The legal battle over Rep. Scott Perry’s (R-Pa.) phone has become clearer.
In a 51-page December decision unsealed Friday, U.S. District Court Chief Judge Beryl Howell indicated that Perry had requested the protection of 2,219 files from the Jan. 6 committee investigating former President Donald Trump — and his efforts to sway the 2020 election. cancelled.
“The powerful public interest in accessing these judicial records cannot be understated,” Howell wrote in his memorandum Friday.
Perry’s phone was seized one day after the FBI raided Trump’s Mar-a-Lago home to retrieve classified documents in August. Perry claimed that he only had personal or work-related files that were “none of the government’s…business,” which Howell has since denied.
Perry, a close friend of the former president, sued the Department of Justice (DOJ) to prevent access to his phone. However, he quietly dropped that suit in October while continuing to assert that the Constitution’s “speech or debate” clause should shield him from investigators.
While Howell allowed Perry to withhold 161 of his records from investigators, she ordered him to release 2,055 files, including 960 of his contacts with the executive branch.
“What is clear is that the clause does not protect President Perry’s political discussions…with state legislators regarding hearings before with them about possible electoral fraud or acts they that could be taken to challenge election results in Pennsylvania,” she wrote in December.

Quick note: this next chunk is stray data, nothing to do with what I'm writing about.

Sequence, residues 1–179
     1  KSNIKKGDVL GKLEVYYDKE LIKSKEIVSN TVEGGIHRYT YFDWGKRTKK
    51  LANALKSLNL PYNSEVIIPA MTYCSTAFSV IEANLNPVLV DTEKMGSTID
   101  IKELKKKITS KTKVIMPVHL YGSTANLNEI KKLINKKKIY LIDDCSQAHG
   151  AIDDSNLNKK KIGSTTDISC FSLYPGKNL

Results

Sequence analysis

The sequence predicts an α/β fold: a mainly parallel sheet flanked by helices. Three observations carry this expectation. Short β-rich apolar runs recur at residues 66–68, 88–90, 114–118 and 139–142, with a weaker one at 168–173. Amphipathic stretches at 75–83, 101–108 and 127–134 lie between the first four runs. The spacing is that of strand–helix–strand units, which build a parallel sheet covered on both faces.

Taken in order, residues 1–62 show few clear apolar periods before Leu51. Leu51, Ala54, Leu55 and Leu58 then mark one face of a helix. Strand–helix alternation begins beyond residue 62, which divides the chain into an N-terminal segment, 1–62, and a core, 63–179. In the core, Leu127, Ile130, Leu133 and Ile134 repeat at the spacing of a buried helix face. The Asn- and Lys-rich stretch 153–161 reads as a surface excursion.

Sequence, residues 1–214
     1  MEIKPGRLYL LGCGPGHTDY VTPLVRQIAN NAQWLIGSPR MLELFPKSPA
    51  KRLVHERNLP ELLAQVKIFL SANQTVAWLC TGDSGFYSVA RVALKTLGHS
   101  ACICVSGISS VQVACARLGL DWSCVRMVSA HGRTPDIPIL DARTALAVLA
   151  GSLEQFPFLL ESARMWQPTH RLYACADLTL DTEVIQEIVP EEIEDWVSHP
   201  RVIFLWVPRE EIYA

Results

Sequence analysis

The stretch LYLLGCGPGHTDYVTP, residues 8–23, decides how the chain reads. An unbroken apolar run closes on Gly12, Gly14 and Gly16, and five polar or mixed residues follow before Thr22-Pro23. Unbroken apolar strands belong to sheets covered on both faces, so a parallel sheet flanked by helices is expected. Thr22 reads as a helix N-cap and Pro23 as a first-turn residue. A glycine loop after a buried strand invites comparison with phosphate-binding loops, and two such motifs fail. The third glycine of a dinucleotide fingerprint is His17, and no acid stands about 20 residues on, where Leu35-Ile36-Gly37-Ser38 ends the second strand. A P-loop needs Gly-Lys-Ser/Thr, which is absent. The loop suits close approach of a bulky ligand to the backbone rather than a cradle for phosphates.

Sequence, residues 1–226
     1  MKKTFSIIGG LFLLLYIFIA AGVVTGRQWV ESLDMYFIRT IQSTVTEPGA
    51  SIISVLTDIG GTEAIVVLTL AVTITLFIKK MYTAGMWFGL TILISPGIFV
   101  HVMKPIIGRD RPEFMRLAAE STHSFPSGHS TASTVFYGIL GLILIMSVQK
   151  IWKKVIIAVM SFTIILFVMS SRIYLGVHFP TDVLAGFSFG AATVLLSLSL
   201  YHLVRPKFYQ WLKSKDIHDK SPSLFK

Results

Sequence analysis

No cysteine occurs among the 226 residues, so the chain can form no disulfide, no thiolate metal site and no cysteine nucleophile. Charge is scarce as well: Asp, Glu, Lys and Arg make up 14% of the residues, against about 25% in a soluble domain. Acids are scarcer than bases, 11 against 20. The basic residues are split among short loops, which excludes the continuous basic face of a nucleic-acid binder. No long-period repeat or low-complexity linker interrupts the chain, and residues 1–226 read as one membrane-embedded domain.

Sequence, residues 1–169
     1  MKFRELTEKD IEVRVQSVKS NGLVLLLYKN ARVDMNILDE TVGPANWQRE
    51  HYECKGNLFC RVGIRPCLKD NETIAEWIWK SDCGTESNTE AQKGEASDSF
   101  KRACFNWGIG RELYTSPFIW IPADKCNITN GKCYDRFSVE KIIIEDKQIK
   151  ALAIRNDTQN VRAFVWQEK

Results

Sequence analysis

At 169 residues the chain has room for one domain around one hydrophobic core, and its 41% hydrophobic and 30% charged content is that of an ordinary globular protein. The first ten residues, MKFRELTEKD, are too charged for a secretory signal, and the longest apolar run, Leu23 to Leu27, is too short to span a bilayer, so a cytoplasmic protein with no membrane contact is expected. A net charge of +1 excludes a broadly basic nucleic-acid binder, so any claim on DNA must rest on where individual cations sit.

The judge in Washington, D.C. added that this “fantastic view of the scope of the legislative privilege” that Perry claimed was protected “would provide Members of Congress with a powerful dual shield of non-disclosure and immunity for almost any of their activities.”
Not only was Perry a White House contact with DOJ official Jeffrey Clark in the days after Trump’s election loss, but he was also named as one of at least five Republicans who asked for a pardon before the end of Trump’s term.
Perry was previously subpoenaed to testify at the January 6 committee but refused to show.
Howell’s ruling that the files need to be investigated is still being debated by a three-judge panel of the D.C. Circuit Court of Appeals, according to Politico.
If they rejected Perry’s argument that the “speech or debate” clause should protect his communications, he would have to ask a full bench of DC Circuit Court judges — or the Supreme Court itself — to reconsider.